And wouldn’t all of us prefer a pleasant surprise rather than an embarrassing disappointment? This is why I welcome any trend that gives well-prepared food a chance to shine in its own right. Elegant in its apparent simplicity, even if the chef and staff spent hours on its creation, then announced with elegant simplicity on the menu, as well.

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Great Beginnings: 7 Appetizers to Kick Off Your Meal in Style

Panela en Salsa Roja at Aldaco's.

Starting off a meal with a bite of food, whether you call it an appetizer, a tapa, or a small plate, can really whet your appetite for the meal to come. Here is where you’ll find many a chef letting his or her imagination run wild with the freshest ingredients and the most flair. Or, you will find pure comfort in tradition.

Here are seven great starters to enjoy. Several are new, one has been a San Antonio tradition for years, others are ethnic comfort foods. All are a wonderful prelude to your main course, whether it’s burgers, sushi or a gyro platter.

The dishes on the list are not the only great appetizers to be had in town. They are not listed in any order. They are merely meant to remind you of what the city’s restaurants have to offer.

1. Grilled Chinese Chicken Wings at Nosh, 1133 Austin Hwy., 210-824-8686 — Chicken wings are nothing new. But these beauties, with a taste of both peanut oil and sesame oil, are plump and juicy. You’ll be licking your fingers to catch every last drop of the Asian sauce or the creamy cilantro sauce on the side.

The sampler platter at My Big Fat Greek Restaurant.

2. Panela en Salsa Roja at Aldaco’s Stone Oak, 20079 Stone Oak Parkway, 210-494-0561, or 100 Hoefgen St., 210-222-0561 — It’s hard to describe just how good this appetizer is, given that it is simply a slab of fried Mexican cheese topped with salsa. But put the two together and you’ll discover culinary alchemy.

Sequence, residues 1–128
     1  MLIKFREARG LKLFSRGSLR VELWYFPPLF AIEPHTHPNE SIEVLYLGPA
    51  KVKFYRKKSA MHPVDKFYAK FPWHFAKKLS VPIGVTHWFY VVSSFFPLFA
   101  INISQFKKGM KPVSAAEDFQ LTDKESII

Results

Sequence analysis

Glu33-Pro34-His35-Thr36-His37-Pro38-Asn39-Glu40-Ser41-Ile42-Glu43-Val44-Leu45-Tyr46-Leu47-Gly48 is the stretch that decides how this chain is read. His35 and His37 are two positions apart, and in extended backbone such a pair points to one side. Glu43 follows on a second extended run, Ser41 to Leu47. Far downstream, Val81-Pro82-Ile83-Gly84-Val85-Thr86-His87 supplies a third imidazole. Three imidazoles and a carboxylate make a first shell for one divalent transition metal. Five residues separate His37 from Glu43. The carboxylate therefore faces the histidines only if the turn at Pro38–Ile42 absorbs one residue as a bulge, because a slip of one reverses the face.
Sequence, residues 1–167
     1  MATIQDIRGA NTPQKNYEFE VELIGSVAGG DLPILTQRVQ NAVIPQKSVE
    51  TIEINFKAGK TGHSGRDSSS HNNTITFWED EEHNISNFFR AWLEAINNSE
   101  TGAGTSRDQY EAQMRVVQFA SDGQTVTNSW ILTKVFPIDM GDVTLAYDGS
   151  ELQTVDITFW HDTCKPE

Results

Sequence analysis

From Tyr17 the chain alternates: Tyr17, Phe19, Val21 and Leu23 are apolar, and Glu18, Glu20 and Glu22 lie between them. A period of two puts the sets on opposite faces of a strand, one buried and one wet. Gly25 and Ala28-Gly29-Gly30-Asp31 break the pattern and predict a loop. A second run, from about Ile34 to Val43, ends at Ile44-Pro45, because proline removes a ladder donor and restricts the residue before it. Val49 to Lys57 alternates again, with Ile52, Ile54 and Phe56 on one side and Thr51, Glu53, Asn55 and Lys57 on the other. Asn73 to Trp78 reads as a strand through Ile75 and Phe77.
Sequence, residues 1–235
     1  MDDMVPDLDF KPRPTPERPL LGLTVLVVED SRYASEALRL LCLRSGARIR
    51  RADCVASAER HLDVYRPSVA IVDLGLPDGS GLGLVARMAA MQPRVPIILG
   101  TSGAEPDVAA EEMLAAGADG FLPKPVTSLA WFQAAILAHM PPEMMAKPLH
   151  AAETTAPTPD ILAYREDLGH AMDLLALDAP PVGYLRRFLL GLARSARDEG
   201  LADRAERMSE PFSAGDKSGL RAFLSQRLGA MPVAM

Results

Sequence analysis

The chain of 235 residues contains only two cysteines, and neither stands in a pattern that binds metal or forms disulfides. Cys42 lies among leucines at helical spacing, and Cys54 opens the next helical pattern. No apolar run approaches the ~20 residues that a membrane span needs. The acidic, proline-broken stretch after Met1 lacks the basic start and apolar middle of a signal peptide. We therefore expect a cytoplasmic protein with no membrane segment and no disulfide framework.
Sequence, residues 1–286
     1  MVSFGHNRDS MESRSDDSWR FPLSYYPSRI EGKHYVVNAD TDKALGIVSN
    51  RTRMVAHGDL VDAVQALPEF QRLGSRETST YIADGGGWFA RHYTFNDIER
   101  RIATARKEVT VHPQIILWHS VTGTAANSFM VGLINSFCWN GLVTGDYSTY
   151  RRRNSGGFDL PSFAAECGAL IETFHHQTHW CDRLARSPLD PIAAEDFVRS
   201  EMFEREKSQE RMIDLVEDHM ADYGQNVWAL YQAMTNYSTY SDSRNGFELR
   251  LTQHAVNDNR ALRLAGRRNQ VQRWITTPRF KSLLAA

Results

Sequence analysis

3. Scotch Eggs at the Lion and Rose, various locations — The Cardiff Clam Strips and the English Chips with Guinness Cheese often call us, but not as often as the Scotch Eggs. The pub grub favorite is made from a hard-cooked egg wrapped in sausage and cheese before cooking. Serve it with a mustard sauce on one side and a pint of Smithwicks or Newcastle on the other.

4. Sampler platter at My Big Fat Greek Restaurant, 19239 Stone Oak Parkway, 210-497-8500 — You want a lot of food? This sampler has it. Dolmas filled with beef and rice, hummus, eggplant dip, spanikopita and more fill the platter. As vast and varied as it is, a party of three managed to clear it and have a fine dinner afterward.

5. Ham and Tomato Shypoke Eggs at Timbo’s, 1639 Broadway, 210-223-1028 — When was the last time you had a skypoke egg? This Alamo City classic originated at Little Hipps Bubble Room and can be found at its descendant, Timbo’s. It’s essentially a nacho made to look like a fried egg, but the addition of silky ham and bright tomato takes it to a new level.

Onion pakoras from Pavani Express.

6.  Beef Sashimi at Sushi Zushi, various locations — Who among us carnivores doesn’t love a generous portion of beef? In this Asian equivalent of Italy’s carpaccio, the seared beef is served with a lively soy dipping sauce, ginger and onions. After one taste, you’ll clear the plate quickly.

7. Pakoras at Pavani Express, 5755 Evans Road, 210-680-3134 — San Antonio’s newest vegetarian restaurant offers several appetizers, including perfect pakoras. These crispy, deep-fried snacks are made with a variety of vegetables, a favorite of which onion.  The tangy tamarind sauce and the cilantro sauce both add to the fun.

Bonnie Walker contributed to this report.